How Churches Can Support Immobile and Confined Senior Citizens

Share on facebook
Share on twitter
Share on pinterest
Share on print
Share on email

Can you offer any suggestions for organizing an effective church outreach to shut-ins and residents of nursing homes?

It takes just one person and a lot of prayer to get a seniors ministry off the ground. If that one person really cares about the elderly and infirm, and if he or she is willing to devote time to the outreach, promote it, offer interesting programs, and be flexible, there’s no telling how the Lord will honor that commitment and cause that seed to grow. If you have a heart to serve the elderly in this way, we’d encourage you to call the church and see if there is any interest. If possible, draw up a plan, sit down with the staff, and explain what such a program could accomplish.

The church’s ministry to the elderly can be both spiritual and practical, and it can be conducted both at church and in the homes and residences of the senior citizens you’re trying to reach.

Spiritual Help

  • Ministry to shut-ins. The church can provide a vital function in caring for people who are “shut in” and cannot attend services. Pastors can make regular visits. Groups of volunteers can send birthday cards and arrange times to drop by and talk with seniors at home.
  • Counseling. Some larger churches have Christian counselors on staff. These professionals can help elderly members and caregivers deal with interpersonal problems, stress, or unresolved guilt or anger.
  • Telephone assurance networks. Recruit a few dependable church members to take turns calling the elderly once a day to say hello, ask about health concerns and prayer requests, and chat a bit.
  • Caregiver support groups. Form a congregational support group for caregivers and relatives of aging loved ones. If finding a meeting time is difficult, you could make your group into a Sunday school class. Put together a caregiver phone or email list so you can reach each other.
  • Stephen’s Ministry. Thousands of congregations, representing ninety denominations, are enrolled in the St. Louis-based
    Stephen’s Ministry program, which trains and equips lay people to provide one-on-one support to individuals dealing with emotional, physical, or spiritual problems.

Practical Help

  • Respite care. Organize a team of volunteers who would be willing to relieve full-time caregivers in their homes for two hours three times a week.
  • Adult day care. Some Christian churches are beginning to offer daytime care and activities for aging adults. This would involve the use of a room or suite of rooms at the church as a center where seniors who are lonely, needy, physically incapacitated or mentally disabled can spend the day enjoying memory-stimulating games and activities, armchair exercises, crafts and flower arranging, Bible study, occasional parties and field trips, and a homemade lunch prepared by church volunteers. Expenses are paid through donations.
  • Transportation. Many older people depend on public transportation or other services to take them to the grocery store, doctor’s appointments, hospitals, worship services, and anywhere else they need to go. You can meet a tremendous need in their lives by starting a church bus ministry or putting together a list of volunteer drivers.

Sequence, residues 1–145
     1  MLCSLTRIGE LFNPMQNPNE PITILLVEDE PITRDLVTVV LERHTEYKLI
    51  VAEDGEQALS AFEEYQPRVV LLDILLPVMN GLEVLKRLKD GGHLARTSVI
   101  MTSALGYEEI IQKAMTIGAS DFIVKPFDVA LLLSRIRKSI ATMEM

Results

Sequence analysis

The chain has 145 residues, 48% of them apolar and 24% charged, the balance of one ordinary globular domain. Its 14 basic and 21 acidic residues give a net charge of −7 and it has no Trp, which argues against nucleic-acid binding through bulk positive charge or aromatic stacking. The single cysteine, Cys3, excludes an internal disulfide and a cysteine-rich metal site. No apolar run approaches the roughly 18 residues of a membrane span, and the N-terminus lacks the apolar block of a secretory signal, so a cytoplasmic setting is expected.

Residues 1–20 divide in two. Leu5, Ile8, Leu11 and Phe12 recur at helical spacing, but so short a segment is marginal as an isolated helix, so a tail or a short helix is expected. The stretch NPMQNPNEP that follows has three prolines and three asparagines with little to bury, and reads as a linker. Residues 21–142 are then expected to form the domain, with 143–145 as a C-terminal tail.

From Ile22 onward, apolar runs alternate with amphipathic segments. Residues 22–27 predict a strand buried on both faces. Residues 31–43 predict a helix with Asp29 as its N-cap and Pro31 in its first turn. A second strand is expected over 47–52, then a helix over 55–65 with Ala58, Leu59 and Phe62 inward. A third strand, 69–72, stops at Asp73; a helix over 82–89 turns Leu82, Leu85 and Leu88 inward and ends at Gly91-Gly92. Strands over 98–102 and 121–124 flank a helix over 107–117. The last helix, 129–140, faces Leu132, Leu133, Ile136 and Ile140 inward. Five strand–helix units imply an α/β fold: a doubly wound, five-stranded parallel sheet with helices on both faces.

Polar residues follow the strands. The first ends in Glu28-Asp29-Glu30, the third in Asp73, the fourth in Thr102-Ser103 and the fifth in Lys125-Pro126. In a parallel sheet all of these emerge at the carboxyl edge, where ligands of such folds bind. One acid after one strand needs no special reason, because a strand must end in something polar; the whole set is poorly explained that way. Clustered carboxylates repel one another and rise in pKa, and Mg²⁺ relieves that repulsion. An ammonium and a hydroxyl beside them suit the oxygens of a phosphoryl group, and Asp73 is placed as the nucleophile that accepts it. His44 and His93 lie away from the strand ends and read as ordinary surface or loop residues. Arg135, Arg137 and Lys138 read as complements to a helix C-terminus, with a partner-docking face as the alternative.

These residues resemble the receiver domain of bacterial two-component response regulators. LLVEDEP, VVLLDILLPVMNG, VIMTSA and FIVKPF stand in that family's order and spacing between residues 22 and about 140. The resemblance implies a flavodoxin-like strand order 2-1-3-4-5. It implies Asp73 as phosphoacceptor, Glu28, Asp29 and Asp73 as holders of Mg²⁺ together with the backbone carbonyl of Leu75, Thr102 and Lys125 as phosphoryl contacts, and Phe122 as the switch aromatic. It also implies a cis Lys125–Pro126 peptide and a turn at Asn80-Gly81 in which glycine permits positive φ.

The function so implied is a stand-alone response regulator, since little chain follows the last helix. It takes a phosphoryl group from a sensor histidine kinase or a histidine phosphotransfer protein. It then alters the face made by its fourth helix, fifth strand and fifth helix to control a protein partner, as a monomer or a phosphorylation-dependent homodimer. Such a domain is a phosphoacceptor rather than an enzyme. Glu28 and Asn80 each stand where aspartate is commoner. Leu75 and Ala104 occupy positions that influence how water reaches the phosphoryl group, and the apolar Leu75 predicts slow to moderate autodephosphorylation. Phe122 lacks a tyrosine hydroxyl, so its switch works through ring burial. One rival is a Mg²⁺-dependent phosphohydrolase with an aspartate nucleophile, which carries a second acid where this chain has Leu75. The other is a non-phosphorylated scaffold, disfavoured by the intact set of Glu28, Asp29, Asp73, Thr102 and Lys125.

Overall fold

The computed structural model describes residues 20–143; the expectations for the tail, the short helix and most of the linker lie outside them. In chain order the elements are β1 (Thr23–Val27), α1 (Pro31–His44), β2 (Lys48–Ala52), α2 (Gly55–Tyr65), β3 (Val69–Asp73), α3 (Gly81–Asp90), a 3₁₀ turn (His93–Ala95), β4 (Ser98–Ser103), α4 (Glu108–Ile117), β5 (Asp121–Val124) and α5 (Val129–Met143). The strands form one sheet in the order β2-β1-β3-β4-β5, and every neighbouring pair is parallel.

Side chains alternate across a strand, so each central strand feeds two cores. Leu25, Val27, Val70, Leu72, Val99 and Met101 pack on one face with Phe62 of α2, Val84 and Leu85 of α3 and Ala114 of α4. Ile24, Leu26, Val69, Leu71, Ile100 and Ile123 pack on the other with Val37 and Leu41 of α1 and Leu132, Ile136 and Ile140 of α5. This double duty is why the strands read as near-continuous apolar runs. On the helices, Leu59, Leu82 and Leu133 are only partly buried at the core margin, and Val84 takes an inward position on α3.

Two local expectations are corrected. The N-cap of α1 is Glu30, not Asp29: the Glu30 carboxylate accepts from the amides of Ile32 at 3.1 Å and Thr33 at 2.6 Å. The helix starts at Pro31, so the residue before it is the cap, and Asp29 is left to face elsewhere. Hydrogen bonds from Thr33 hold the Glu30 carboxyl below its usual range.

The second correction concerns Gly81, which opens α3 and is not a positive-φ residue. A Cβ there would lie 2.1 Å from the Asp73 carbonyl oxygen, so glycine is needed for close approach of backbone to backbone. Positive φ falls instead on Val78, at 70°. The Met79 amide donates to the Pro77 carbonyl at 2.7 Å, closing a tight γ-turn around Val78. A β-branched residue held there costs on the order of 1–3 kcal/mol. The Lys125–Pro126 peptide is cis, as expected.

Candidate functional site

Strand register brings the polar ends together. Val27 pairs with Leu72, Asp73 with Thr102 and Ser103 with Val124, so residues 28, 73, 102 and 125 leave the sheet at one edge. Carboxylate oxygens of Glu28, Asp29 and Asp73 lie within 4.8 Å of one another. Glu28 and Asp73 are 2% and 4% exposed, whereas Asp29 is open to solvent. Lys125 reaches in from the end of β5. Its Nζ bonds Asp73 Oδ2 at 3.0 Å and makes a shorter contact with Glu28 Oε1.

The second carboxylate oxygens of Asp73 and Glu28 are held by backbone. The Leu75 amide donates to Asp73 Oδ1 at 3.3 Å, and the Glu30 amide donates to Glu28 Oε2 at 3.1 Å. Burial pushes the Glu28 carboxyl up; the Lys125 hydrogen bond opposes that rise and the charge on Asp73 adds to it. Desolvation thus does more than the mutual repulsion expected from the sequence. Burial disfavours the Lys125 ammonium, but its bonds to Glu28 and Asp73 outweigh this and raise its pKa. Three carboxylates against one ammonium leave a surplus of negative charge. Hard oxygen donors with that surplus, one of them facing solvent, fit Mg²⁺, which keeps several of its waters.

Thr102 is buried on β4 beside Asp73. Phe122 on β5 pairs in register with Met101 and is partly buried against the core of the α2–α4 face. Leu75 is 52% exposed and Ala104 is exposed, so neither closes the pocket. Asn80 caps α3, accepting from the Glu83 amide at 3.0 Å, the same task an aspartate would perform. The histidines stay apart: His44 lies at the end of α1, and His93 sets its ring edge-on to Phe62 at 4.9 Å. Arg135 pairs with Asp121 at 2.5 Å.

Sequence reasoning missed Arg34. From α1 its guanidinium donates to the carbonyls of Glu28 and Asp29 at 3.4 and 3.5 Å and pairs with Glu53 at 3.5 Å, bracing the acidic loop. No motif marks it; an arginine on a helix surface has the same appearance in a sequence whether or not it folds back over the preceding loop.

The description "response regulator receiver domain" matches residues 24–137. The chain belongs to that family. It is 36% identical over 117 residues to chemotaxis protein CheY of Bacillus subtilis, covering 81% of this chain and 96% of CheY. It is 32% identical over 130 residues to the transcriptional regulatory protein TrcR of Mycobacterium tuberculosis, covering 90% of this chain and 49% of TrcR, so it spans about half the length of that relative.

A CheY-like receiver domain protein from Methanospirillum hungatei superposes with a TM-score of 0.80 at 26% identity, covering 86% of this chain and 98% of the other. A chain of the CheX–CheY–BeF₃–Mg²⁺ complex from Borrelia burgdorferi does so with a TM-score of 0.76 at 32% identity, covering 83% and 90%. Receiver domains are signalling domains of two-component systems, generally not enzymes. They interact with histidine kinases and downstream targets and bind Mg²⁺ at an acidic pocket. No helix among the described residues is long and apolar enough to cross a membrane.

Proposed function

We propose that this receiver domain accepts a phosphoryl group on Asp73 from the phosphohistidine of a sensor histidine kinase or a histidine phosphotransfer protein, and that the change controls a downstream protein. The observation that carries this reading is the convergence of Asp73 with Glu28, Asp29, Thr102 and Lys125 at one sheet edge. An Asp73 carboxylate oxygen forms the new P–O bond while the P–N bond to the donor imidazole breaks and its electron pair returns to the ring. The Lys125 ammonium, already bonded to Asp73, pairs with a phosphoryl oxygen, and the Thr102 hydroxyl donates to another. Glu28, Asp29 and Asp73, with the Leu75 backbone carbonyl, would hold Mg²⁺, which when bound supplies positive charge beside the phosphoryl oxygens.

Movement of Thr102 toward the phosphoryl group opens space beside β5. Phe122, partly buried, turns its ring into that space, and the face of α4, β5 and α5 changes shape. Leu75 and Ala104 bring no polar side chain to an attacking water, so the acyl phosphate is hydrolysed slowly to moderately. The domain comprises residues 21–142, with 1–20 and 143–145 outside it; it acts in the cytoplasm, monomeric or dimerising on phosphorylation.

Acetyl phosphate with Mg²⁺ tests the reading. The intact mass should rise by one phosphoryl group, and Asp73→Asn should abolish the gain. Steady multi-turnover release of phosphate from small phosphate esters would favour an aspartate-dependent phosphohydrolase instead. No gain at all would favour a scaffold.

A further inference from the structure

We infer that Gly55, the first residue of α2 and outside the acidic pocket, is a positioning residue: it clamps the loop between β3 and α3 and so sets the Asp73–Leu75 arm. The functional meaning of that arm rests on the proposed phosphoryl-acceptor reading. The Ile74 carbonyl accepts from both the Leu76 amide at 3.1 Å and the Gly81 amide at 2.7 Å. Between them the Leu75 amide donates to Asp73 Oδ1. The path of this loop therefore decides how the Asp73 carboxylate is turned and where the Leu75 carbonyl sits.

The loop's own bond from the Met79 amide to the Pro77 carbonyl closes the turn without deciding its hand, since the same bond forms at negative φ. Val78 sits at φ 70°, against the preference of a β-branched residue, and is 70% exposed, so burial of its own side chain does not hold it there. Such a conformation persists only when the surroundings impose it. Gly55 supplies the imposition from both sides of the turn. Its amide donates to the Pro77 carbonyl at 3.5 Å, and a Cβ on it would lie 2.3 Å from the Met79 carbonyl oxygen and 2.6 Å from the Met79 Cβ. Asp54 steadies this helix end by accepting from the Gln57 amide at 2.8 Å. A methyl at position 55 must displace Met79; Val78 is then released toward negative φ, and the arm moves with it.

• Clean-up and repair services. Many elderly individuals don’t have the financial resources to hire professionals for all home repairs. Simple fix-it jobs can usually be handled by a church member who is handy with tools. For bigger jobs, the church could take up a collection once a month to provide benevolent help to elderly members.
  • Parish nurses. Parish nurses are registered nurses who provide education and counsel, and who act as referral agents for health care needs of a church congregation. For more information see the website.
  • Equipment loan program. Some church members may have canes, wheelchairs, commodes, or other home-care equipment that they no longer need and could donate or loan to others. Ask the church to post a list of available equipment and a contact person for each item.
  • Social and educational events. Encourage your church to offer lunch outings, day tours, or ministry-related events for aging members.
  • Housing. Some churches help with senior housing needs by purchasing old homes and developing them into shared-housing units. Residents can pay a modest monthly fee while church fund-raisers help subsidize the cost of running the home.

For additional help and information on this topic, we’d encourage you to consult the resources and referrals highlighted below. Or if you have relationship concerns and challenges associated with this situation, please don’t hesitate to give our Counseling department a call.

 

Resources
If a title is currently unavailable through Focus on the Family, we encourage you to use another retailer.

Caring for Your Aging Loved Ones

Complete Guide to Caring for Aging Loved Ones

Referrals

National Association of Area Agencies on Aging

Caregiver Action Network

Stephen’s Ministry

Crossroads Ministries USA

Articles
Caring for Ill or Aging Parents

Excerpted from The Complete Guide to Caring for Aging Loved Ones, a Focus on the Family book published by Tyndale House Publishers. Copyright © 2002, Focus on the Family.

This information has been approved by the Physicians Resource Council of Focus on the Family.

SHARE:
Share on facebook
Share on twitter
Share on pinterest
Share on print
Share on email